When disaster strikes, taking care of your family, both two-legged and four-legged, is often the first priority. While many people store food, build a reserve of cash and keep first aid and emergency essentials on hand, supplies for the pet are easy to forget. Food is just one part of a pet's emergency kit, but it's a very important one! Prepare and select your pets' emergency food rations carefully to ensure safety, usability and nutritional value when you need them most.
Mayday Emergency Pet Food
Credit: Mayday Industries
Mayday Industries manufacturers a complete and balanced dog food specially packaged for use in an emergency. It boasts a five-year shelf life and vacuum-seal packaging. Ingredients include, among others, yellow corn, meat and bone meal, chicken byproducts, brewers rice and soybean meal. Each sealed pouch contains enough food to sustain an average-sized dog for one day. Not only are these food packs excellent for inclusion in 72-hour packs, bug-out bags or emergency kits, they're perfect for long-term storage as well. Mayday emergency dog food can be purchased in bulk.
ER Emergency Pet Rations
ER Pet Food is a name-brand food formulated for all dogs' and cats' life stages. It meets AAFCO nutrient profiles and one 8-ounce pouch provides all necessary vitamins and minerals for average-sized pets for three days. Additional calories or extra servings may be necessary to help your pets maintain a healthy weight. ER emergency pet rations are hermetically vacuum sealed and shelf-stable for five years. Additionally, the packaging meets military specifications for a waterproof, vapor-proof, heat-stable material. According to QuakeKare customer support, top ingredients include corn, wheat, chicken meal, meat byproducts and animal fat.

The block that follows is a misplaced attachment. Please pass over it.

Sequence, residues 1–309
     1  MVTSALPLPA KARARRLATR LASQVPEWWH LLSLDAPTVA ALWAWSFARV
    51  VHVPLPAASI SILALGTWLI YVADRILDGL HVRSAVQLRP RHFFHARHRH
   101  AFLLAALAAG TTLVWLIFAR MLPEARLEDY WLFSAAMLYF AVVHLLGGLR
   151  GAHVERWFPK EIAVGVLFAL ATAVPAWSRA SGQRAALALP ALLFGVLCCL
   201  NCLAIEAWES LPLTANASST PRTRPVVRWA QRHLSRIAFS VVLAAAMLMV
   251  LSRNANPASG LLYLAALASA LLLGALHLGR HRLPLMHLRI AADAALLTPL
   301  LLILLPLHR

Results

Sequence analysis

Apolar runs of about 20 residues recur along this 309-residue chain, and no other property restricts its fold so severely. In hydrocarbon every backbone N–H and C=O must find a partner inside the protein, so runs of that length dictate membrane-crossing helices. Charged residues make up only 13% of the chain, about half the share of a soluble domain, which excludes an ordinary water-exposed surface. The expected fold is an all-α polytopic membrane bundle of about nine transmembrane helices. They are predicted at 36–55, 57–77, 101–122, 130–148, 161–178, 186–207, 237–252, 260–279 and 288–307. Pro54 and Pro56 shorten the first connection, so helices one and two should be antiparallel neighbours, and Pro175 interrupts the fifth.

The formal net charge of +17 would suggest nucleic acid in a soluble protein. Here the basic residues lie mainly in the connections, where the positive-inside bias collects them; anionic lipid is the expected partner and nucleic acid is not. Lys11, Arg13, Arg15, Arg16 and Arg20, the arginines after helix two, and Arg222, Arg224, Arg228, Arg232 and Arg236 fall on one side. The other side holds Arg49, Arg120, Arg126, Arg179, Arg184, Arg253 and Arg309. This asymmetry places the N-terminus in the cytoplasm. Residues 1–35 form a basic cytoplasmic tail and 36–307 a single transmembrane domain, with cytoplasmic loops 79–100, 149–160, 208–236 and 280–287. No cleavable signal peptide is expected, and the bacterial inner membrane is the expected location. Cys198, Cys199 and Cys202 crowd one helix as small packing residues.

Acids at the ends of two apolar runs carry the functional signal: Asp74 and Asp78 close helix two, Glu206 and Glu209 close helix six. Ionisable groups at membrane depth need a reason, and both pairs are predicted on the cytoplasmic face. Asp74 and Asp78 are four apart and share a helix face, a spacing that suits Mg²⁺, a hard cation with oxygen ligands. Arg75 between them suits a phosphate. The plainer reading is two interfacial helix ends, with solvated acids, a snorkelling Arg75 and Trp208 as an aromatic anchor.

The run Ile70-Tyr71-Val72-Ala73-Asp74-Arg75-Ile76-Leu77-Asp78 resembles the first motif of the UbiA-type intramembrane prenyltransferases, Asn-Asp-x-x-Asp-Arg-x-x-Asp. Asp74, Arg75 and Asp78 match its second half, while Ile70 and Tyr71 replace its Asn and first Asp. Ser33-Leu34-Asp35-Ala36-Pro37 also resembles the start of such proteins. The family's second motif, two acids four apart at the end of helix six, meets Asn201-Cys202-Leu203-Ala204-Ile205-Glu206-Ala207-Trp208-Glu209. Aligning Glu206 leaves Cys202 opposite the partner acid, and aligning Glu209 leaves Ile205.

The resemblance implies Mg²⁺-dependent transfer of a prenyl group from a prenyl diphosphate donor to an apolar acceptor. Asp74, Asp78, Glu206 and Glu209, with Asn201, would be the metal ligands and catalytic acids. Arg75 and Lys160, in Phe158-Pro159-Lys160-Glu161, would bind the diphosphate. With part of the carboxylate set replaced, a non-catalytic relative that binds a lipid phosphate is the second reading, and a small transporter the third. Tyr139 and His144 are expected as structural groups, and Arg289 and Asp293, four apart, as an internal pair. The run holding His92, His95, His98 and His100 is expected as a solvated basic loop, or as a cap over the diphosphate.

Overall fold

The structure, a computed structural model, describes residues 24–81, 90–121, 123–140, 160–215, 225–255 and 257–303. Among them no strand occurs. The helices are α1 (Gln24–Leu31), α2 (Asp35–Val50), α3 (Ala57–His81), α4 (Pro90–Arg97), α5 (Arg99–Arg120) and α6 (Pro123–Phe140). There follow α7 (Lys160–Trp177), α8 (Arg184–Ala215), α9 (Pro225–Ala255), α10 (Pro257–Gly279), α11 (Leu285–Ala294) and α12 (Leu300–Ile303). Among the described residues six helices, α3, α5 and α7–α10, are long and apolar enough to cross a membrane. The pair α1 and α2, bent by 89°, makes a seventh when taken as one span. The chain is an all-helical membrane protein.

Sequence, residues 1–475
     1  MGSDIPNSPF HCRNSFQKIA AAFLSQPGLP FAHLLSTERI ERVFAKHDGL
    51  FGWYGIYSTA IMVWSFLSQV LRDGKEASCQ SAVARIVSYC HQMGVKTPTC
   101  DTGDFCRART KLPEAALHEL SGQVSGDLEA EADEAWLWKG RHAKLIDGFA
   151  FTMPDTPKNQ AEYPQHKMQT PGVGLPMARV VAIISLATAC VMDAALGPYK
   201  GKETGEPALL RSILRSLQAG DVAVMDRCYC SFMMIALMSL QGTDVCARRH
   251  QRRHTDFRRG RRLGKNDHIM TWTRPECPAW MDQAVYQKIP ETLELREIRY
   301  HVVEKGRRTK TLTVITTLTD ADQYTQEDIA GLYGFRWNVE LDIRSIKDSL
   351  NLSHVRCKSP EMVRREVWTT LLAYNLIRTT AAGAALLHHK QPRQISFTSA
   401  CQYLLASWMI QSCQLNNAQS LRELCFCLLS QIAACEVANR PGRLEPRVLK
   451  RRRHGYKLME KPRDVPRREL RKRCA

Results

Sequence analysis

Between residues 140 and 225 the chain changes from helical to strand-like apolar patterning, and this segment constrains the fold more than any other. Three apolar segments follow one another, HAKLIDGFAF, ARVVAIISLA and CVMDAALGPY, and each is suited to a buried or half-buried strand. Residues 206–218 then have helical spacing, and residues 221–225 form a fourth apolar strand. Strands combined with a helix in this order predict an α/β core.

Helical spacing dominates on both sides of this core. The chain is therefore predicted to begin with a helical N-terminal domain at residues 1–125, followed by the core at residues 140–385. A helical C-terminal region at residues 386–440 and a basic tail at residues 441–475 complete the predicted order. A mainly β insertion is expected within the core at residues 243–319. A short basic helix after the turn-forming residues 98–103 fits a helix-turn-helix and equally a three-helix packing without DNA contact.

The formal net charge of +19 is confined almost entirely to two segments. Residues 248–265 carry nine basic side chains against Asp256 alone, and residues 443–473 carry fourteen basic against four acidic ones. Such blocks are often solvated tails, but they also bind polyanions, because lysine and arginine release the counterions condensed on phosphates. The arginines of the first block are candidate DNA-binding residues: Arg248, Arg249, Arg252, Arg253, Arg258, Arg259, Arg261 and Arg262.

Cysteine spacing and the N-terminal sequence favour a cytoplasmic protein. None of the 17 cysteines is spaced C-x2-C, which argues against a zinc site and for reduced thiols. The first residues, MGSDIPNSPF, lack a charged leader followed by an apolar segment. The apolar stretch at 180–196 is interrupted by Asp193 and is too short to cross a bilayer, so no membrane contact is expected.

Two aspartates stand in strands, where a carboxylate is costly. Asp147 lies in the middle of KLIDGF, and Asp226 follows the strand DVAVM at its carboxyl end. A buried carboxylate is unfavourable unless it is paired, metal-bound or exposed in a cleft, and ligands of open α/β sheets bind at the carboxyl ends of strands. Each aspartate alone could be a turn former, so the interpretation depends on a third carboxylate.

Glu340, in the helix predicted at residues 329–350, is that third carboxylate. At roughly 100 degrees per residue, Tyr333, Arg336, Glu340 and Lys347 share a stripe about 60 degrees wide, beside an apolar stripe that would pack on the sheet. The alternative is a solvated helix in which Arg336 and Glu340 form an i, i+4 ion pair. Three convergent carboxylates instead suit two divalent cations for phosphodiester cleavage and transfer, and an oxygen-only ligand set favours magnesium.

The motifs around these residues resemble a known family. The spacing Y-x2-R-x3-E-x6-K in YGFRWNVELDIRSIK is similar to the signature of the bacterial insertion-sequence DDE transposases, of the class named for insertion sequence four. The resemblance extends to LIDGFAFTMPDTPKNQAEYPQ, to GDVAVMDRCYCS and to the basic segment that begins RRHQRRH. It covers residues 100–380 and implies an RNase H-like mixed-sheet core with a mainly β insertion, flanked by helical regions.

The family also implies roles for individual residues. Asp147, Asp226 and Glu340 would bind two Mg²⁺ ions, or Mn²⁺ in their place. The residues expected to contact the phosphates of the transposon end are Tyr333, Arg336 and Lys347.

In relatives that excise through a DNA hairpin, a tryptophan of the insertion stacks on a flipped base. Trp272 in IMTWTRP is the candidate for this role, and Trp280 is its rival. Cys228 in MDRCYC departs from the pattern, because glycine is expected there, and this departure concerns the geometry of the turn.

Dehydrated and Freeze-Dried Foods
Dehydrated and freeze-dried foods such as Sojos, Honest Kitchen and NRG, make excellent emergency food packs. Not only do many of these foods contain all-natural ingredients, most are pretty high-calorie. Some of the NRG formulas pack a whopping 600 calories or more per cup! For some pets, that's an entire day's worth of food. Lots of dehydrated and freeze-dried foods come in shelf-stable packaging and can be stored as-is. If a container must be opened, it's best to re-seal the food for storage or inclusion in an emergency pack. Consider vacuum-packing daily dry portions, making the food and canning it for long-term storage or, for dogs, baking the food into "K9 meal bars" and vacuum-sealing the bars.
Unfortunately, once opened, dry food isn't shelf stable and can go rancid in a matter of weeks. Even food that's in unopened bags only has a shelf life of a few months. Including your pet's regular dry food in an emergency kit is only feasible if you rotate the food on a regular basis so fresh food is continually being placed in the kit or in storage and your pet is eating the older food.
We also encourage you to check out ASPCA's info-graphic on keeping your pets safe when disaster strikes.
About the Author
Since 2001, Kea Grace has published in "Dog Fancy," "Clean Run," "Front and Finish" and an international Czechoslovakian agility enthusiast magazine. Grace is the head trainer for Gimme Grace Dog Training and holds her CPDT-KA and CTDI certifications. She is a member of the APDT and is a recognized CLASS instructor. She's seeking German certification from the Goethe Institut.